For the differential equations dydx=sqrt(y^2−36) does the existence/uniqueness theorem guarantee that there is a solution to this equation t

Question

For the differential equations dydx=sqrt(y^2−36) does the existence/uniqueness theorem guarantee that there is a solution to this equation through the point

1. (−4,6)

2. (2,−6)

3. (−5,39)

4. (−1,45)

Please explain the process of obtaining the answer.

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Vivian 3 weeks 2022-01-07T08:36:41+00:00 1 Answer 0 views 0

Answers ( )

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    2022-01-07T08:38:07+00:00

    Answer:

    1. (-4,6) there is no a solution to the equation through this point

    2. (2,−6) there is no a solution to the equation through this point

    3. (−5,39) there is a solution to the equation through this point

    4. (−1,45)  there is a solution to the equation through this point

    Step-by-step explanation:

    Using the existence and uniqueness theorem:

    Let:

    F(x,y)=\sqrt{y^2-36} \\\\and\\\\\frac{\partial F}{\partial y} =\frac{y}{\sqrt{y^2-36} }

    Now, let’s find the domain of F(x,y), due to the square root:

    y^2-36 \geq	0\\\\y^2\geq	36\\\\y \geq	6\hspace{12}or\hspace{12}y\leq-6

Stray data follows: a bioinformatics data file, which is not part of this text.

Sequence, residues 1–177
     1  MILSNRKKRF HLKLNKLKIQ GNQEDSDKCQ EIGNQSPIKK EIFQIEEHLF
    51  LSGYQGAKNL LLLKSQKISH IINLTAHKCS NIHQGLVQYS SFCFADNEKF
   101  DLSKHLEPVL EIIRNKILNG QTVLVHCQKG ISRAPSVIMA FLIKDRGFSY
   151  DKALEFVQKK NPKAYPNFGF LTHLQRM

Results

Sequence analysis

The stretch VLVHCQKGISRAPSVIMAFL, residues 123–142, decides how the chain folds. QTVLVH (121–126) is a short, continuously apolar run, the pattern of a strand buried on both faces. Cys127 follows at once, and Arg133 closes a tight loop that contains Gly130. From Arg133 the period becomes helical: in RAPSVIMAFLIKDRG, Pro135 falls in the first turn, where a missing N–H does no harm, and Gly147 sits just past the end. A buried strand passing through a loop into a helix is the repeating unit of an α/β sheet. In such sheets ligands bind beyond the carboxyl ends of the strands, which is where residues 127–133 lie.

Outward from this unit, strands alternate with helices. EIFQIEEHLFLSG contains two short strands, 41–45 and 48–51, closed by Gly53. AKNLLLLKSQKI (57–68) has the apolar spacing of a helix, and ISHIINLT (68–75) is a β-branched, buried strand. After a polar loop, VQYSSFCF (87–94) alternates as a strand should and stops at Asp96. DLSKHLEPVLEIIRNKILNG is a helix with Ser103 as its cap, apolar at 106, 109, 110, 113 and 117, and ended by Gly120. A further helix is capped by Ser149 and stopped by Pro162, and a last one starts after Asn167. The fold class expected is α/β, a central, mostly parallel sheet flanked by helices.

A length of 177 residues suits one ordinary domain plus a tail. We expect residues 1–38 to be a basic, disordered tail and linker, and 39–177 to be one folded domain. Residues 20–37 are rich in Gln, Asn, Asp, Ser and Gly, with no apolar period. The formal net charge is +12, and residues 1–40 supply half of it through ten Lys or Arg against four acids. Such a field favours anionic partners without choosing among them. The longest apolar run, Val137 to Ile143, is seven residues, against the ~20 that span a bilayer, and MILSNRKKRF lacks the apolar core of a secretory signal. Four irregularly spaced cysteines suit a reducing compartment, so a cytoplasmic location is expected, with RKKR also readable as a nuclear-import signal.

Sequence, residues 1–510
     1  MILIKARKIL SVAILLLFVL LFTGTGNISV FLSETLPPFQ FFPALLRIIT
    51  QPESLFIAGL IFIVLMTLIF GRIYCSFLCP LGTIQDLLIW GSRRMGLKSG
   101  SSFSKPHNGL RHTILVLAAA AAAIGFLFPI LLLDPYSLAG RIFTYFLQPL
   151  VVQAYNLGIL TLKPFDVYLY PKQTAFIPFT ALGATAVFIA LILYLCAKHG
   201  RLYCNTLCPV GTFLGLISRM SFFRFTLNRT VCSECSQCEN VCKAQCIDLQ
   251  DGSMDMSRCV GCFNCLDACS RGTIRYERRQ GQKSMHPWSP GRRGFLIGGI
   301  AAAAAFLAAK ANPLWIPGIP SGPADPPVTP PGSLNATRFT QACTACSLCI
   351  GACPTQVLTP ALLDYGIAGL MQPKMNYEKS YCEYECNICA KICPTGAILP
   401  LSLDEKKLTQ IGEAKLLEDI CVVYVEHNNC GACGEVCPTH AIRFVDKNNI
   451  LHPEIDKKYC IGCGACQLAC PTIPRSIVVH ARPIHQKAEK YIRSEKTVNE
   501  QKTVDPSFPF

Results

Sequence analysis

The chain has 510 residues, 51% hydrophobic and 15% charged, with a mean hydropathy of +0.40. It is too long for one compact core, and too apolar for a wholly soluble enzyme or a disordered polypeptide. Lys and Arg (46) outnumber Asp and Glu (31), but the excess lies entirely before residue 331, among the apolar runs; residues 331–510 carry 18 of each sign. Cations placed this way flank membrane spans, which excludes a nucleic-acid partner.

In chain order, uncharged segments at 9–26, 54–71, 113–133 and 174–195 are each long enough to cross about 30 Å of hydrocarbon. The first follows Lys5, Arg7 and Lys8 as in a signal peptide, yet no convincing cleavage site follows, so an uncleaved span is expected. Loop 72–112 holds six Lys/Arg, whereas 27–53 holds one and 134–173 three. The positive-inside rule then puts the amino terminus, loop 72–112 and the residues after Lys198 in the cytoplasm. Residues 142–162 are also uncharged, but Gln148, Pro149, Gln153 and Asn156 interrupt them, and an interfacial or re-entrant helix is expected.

So the domain of the function is:

    y \in R\hspace{12}y\geq6\hspace{12}or\hspace{12}y\leq-6

    Now, due to the fraction \frac{\partial F}{\partial y} the denominator must be also different from 0, so:

    y^2-36\neq0\\\\y \neq \pm6

    So, the theorem  tells us that for each y_0\in R:\hspace{12}y_0>6\hspace{12}or\hspace{12}y_0<-6 there exists a  unique solution defined in an open interval around x_0.

    1. (-4,6)  there is no a solution to the equation through this point because y_0=6

    2. (2,−6)  there is no a solution to the equation through this point because

    y_0=-6

    3. (−5,39) there is a solution to the equation through this point because

    y_0>6

    4. (−1,45)  there is a solution to the equation through this point because

    y_0>6

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45:7+7-4:2-5:5*4+35:2 =? ( )